Personalized Therapeutic Strategies for Patients with Atrial Fibrillation   – PHRT


Personalized Therapeutic Strategies for Patients with Atrial Fibrillation  

Short Summary

Atrial fibrillation (AF) is the most common arrhythmia observed in clinical practice. Catheter ablation (CA) has emerged as a valuable, minimally invasive treatment for AF. Persistent AF, the advanced stage of AF, is less easily treated with CA and may require multiple procedures. Of course, this translates into higher risks and costs. There is therefore a strong interest in improving the understanding of AF dynamics to identify non-invasively (typically using the electrocardiogram, ECG) patients with persistent AF more likely to benefit from catheter ablation.


The project aims at developing a totally non invasive tool based on the electrocardiogram (ECG) to assess the severity level of AF in patients. This tool will allow the cardiologists to stratify patients more accurately, and to take a decision regarding the clinical opportunity of a catheter ablation on a subject in persistent AF based a non-invasive and simple procedure. This project also gives the opportunity to optimize ECG lead placement for AF investigation.


Most patients who receive catheter ablation treatment experience a long-term reduction in the number of episodes of arrhythmia and the severity of symptoms. Many achieve a permanent return to normal heart rhythm. Nevertheless, for persistent AF, the patient recurrence rate is not negligible: 41-56% after one procedure and 28-42% after two procedures. The AF recurrence rate needs to be reduced because of the: • Benefit/Risk profile. Even if considered relatively safe, cardiac ablation is related to cardiac intervention complications (life-threatening 1% with death 0.18%) • Procedure repeatability. In order to achieve acceptable results in the long term, patients need to undergo several redo procedures (2-4 on average). Therefore, this lowers patient’s quality of life, and is costly for the healthcare system. There is thus a clear incentive, in terms of patient well-being and healthcare costs, to better select the patients more likely to benefit from catheter ablation.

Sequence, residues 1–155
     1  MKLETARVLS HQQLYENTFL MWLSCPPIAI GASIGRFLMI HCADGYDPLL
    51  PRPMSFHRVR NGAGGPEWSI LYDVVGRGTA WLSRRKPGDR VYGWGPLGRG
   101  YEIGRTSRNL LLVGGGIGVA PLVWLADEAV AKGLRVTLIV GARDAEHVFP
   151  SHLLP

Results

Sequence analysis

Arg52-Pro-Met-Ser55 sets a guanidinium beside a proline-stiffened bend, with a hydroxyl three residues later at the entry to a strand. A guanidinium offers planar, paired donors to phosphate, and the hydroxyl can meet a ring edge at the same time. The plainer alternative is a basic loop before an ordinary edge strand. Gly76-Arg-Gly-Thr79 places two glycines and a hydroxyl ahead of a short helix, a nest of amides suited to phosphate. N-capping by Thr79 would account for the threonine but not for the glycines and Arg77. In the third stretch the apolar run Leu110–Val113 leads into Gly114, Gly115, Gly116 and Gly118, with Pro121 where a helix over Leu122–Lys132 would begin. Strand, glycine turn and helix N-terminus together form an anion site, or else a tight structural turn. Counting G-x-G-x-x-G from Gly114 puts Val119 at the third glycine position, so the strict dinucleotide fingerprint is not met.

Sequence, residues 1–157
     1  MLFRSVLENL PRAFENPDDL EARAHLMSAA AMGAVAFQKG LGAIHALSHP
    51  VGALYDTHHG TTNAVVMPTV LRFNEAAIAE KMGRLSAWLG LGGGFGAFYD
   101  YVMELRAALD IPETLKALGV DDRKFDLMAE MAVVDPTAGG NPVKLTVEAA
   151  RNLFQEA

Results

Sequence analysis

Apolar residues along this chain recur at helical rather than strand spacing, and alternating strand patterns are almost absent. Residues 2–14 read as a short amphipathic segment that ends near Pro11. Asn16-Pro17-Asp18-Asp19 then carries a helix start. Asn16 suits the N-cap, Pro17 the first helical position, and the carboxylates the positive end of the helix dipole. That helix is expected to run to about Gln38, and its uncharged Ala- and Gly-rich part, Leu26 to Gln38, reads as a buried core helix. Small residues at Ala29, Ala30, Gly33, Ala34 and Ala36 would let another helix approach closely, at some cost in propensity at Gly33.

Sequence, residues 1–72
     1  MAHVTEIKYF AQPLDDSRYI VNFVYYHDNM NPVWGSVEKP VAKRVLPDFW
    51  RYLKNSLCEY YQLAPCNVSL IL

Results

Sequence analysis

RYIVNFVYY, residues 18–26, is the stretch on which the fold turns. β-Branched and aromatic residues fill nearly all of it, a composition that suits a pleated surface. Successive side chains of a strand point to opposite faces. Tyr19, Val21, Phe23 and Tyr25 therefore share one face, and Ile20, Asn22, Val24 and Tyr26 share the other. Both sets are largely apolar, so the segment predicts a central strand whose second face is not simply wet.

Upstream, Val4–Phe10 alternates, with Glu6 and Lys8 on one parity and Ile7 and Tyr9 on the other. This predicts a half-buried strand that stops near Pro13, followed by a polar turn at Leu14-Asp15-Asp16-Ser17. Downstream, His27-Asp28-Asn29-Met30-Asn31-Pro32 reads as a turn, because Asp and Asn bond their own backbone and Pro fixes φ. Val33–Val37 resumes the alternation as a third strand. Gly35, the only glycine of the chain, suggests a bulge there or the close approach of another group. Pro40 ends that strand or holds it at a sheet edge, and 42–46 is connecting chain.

Atrial fibrillation (AF) is one of the most disabling disorders affecting millions of individuals in Europe. It is responsible for stroke, heart failure, and decreased quality of life. AF is also responsible for significant healthcare costs as patients are much more likely to be hospitalized. Importantly, AF is responsible for 78% of cases of hospital admission with a mean hospital stay of 6.7 days. Epidemiological projections regarding AF predict at least a doubling of its prevalence by 2050 because of the ageing of the population but also as a consequence of growing obesity and metabolic syndrome.


Dr. Jean-Marc Vesin




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